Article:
Set a guard, O Lord, over my mouth; keep watch over the door of my lips! (Psalm 141:3)
From the same mouth come blessing and cursing. My brothers, these things ought not to be so. (James 3:10)
This morning I listened to Alistair Begg's sermon about words and their abuse. I have been thinking about words for a long time. You might be familiar with this adage:
"Before you speak, ask yourself: “Is It True? Is It Necessary? Is It Kind?"
The quote is often attributed to Buddha, or Guru Sai Baba, or the 1920 Quaker book The Children's Story Garden or the 1835 poem "The Three Gates of Gold" by Beth Day", or...
You get the idea. It's a cultural parable. More to the point, the bible has much to say about tongue, lips, speech, lying, and truth.
My goal with this blog is three-fold, as stated in the menu on the right: encouragement, discernment,
Satan's flood of falsity began in the garden of Eden (actually it began in heaven when Lucifer declared himself above God and pride was found in his heart). It reentelssly continued int he Old testament. In the NT after Jesus ascended, satan immediately flooded into the church with all kinds of false teachers bringing false doctrines.
Paul was especially grieved by these men. he called out Alexander, Hymenaeus, Philetus, Jannes and Jambres, Phygelus and Hermogenes who deserted. Diotrephes plagued John...all these men brought with them false teachings to the first century churches, immediately. It's never stopped.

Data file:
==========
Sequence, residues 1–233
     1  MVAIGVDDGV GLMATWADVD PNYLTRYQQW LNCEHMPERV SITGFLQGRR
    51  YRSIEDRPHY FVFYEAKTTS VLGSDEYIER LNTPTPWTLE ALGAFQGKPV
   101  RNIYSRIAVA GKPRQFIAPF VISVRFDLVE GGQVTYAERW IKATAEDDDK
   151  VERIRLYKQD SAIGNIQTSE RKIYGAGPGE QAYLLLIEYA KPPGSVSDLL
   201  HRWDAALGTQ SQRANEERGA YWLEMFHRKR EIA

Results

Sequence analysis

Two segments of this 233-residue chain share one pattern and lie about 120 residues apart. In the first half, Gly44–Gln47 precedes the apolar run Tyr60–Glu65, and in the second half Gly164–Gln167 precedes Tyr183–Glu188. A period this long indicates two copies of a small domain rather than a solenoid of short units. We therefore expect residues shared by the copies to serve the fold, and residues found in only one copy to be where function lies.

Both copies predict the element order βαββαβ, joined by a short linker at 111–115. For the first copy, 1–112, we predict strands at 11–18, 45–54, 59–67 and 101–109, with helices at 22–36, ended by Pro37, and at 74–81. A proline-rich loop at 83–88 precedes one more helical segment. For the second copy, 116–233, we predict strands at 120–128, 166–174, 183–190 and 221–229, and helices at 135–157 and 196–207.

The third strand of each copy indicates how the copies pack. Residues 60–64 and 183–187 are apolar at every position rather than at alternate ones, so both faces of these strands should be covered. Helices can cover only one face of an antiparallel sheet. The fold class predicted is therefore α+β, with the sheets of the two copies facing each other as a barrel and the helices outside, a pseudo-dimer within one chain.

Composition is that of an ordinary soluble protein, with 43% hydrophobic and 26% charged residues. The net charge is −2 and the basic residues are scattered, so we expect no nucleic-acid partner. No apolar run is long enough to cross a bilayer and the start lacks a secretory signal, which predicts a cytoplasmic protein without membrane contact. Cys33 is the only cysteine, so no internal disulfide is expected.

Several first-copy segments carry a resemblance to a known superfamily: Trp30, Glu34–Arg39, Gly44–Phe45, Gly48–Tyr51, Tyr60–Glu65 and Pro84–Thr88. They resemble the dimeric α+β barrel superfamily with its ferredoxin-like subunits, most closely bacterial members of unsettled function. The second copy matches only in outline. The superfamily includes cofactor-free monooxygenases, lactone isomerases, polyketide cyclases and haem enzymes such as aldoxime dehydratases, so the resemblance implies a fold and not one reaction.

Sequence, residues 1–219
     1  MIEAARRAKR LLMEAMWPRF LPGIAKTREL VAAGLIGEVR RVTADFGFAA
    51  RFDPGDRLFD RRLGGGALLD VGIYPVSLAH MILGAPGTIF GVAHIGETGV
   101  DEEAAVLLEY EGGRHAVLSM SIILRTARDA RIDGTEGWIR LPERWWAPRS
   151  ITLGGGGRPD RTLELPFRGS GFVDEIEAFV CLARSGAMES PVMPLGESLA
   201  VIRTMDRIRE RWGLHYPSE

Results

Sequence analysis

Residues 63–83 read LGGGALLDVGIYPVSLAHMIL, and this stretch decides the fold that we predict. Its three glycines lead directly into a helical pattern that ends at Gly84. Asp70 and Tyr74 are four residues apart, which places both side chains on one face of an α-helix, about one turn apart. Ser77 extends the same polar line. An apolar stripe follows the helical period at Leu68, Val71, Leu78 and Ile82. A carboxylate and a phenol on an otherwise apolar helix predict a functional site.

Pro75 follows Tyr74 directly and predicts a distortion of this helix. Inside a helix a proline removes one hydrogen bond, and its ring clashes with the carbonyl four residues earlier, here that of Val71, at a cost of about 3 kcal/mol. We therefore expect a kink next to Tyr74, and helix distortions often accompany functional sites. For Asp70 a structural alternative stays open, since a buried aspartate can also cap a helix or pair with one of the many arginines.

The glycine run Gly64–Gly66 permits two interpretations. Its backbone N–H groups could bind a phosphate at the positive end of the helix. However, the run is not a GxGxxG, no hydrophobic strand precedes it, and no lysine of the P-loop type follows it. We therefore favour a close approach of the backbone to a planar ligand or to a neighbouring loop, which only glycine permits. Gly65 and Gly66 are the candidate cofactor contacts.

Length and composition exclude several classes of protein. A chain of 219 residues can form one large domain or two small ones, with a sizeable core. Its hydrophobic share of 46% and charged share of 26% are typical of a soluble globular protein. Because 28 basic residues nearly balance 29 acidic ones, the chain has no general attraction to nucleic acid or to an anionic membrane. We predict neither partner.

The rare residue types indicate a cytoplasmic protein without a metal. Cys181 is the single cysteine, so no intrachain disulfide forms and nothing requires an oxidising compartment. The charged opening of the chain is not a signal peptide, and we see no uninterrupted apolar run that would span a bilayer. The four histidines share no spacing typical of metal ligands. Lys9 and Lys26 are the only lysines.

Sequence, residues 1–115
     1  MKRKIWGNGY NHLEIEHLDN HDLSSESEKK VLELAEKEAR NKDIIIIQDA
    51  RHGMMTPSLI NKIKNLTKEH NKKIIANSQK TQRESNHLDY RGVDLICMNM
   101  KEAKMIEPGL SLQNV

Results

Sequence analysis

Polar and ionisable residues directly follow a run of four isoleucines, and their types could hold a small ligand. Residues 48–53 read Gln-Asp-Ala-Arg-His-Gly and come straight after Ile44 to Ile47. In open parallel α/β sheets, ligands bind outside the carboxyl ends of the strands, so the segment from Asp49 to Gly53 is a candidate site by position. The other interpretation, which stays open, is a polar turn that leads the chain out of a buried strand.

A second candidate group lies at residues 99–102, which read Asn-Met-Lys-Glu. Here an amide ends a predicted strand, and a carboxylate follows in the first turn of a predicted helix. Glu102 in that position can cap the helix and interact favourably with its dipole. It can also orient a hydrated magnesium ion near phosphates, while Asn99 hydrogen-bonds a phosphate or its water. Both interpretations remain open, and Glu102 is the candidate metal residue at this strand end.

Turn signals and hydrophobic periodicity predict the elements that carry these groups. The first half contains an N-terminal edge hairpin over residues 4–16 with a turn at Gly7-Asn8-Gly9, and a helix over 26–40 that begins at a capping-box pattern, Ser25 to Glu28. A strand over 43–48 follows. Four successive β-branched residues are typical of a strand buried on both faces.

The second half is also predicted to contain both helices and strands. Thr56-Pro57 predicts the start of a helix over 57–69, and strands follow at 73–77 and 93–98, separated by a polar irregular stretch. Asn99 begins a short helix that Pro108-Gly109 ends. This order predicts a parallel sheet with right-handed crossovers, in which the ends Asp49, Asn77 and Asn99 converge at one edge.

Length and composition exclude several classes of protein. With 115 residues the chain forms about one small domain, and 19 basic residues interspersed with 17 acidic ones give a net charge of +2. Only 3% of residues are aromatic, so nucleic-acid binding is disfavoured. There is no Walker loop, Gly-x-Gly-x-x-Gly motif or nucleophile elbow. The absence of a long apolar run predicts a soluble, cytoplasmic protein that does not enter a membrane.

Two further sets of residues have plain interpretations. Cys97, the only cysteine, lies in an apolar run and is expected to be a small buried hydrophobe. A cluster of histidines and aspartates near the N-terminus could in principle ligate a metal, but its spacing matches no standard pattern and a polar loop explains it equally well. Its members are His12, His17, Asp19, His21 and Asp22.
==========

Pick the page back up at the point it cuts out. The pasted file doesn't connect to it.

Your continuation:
Satan has never let up. We still fight the battle of truth against evil today. One thing we are called to do is:
“Mark them which cause divisions and offenses contrary to the doctrine which ye have learned; and avoid them.” Romans 16:17
The way we mark them is what is at issue here. And I'm not just talking about right speech solely in discernment issues but a Christian's talk in general. It is very easy to get unnecessarily critical and to stay critical. After that comes sarcasm, mocking and then anger.
but in your hearts honor Christ the Lord as holy, always being prepared to make a defense to anyone who asks you for a reason for the hope that is in you; yet do it with gentleness and respect, (1 Peter 3:15)
I said it a few days ago and I'll say it again. It is a delicate balancing act, to properly discern, to speak rightly in all the different situations, and to remain holy in life and speech. When does one speak with righteous anger? When can one use biblical sarcasm? When should we be gentle? No one is perfect, but we can strive toward the persistent tendency to do right, and that includes our speech.
I've noticed that courteous speech on Facebook declines immediately when doctrine is brought up and opinions on it vary. Disagreements among Christians on Twitter turn nasty in a heartbeat. Personal attacks, sarcasm, mocking, and anger are the go-to replies of the day. Slander abounds! I don't like that. I try hard to reign in my own sarcasm, though there is a biblical place for it. I'm not wise enough always to know when I'm correctly walking the line of loving, sarcastic admonishment, and sarcasm that intentionally (or unintentionally) hurts, so I try not to be sarcastic at all.
Foolish talk is strongly discouraged in the bible. We will be called to account for every careless word we speak. (Matthew 12:36). The bible is clear about what the LORD hates. HATES. There are seven things in particular that He hates, and two, maybe three, involve the tongue!!
There are six things that the Lord hates,
seven that are an abomination to him: